Chinese Ginseng Soup
Growing up in a traditional Chinese household we were often showered with many good dishes and soups, they were served at every meal. My grandma also made us “special” soups. These were the ones that take extra time to prepare and to boil so that the flavors and nutrients are all boiled out. My grandma was the queen at making soups. She was so good that I don’t think I have tasted anything better homemade than hers. Fortunately, my dad was able to inherit her skills and he makes pretty good ones too. But still, my grandma made the BEST. She does not have any of the recipes written down, it was all memorized.
Today I will introduce one of the most famous and nutritious ginseng chicken soups. Based off of the stories my grandparents have told me, ginseng was one of the key ingredients in the Emperor’s palace. This ingredient was his resource to longevity. I believe in it!
1 Chicken breast, approx. 4 oz.
1 piece of pork lion, approx. 4 oz.
4 – 5 pieces of ginseng root
1 piece of pork neck bone (optional)
1. You will need 1 medium size Chinese soup pot, like the one above. This will hold approx. 2 ½ c of water.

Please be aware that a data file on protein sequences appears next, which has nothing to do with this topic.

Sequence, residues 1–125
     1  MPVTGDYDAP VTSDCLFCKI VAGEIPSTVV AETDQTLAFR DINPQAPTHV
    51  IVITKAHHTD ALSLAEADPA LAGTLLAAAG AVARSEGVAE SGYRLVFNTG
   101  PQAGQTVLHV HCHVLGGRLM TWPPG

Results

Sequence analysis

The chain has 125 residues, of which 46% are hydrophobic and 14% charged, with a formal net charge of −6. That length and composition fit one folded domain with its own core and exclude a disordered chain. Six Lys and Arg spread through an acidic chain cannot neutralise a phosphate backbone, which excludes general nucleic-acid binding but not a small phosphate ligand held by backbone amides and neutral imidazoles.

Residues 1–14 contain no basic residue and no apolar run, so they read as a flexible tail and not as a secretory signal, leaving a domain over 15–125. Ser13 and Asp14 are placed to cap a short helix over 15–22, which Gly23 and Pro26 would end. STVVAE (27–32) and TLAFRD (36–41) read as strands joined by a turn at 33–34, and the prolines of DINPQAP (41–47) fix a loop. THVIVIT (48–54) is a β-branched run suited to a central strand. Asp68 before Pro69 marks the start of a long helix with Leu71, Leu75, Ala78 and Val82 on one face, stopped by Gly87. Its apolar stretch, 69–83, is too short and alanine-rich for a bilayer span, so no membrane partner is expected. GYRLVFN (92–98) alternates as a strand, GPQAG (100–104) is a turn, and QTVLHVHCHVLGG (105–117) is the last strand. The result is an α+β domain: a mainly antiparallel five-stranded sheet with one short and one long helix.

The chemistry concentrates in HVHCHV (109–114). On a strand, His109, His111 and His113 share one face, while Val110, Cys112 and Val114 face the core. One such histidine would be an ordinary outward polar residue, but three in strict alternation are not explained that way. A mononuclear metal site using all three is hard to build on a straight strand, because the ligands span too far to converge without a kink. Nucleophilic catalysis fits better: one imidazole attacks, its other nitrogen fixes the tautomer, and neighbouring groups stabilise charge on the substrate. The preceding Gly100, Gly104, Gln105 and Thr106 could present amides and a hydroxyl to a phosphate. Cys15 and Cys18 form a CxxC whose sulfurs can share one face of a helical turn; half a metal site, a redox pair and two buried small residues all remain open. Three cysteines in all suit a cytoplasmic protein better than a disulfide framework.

2. 4 – 5 pieces of Ginseng roots.
3. Bring a pot of water to boil, put in the chicken, porklion and pork neckbone.
4. Let the meat boil for a good 2 minutes, so that all the impurities are boiled out. After 2 minutes, take them out of the pot, rinse them under cold water and place them on a plate.
5. Put the meat inside the Chinese soup pot along with the Ginseng roots.
6. Fill the soup pot with water until it reaches to the top.
7. Cover with the lid.
8. Using a large stock pot, fill it with water to about ¼ of the way.
9. Place a paper towel on the bottom of the stock pot. This will prevent the Chinese soup pot from scratching the bottom of the stock pot (also told by my grandma).
10. Put the Chinese soup pots (that has been prepared for) in the stock pot. Cover it with the lid and bring it to a boil. Boil for 20 minutes, turn it down to a medium heat and let this simmer for 4 hours on medium heat. From time to time, make sure to check on the water level, if the water is low, add more to prevent the pot from drying.
11. After 4 long hours of simmering on medium heat, this soup is ready to serve.
I cannot brag enough about this soup and its nutritious values it brings to your health. My family has been making and drinking this their entire life and now it has passed down to my generation. It is comforting and so tasty. After drinking it your mouth feels super refresh. It is one of my all time favorites. My grandma usually advsies us not to eat any vegetables after drinking this soup. Its supposedly takes the value out of it. It’s an old tale of hers which was passed down from generations. Sometimes if I remember I will follow it and if I don’t remember…opps! It’s time consuming to make this soup, but if you have time give it a try. I promise you the results are superb!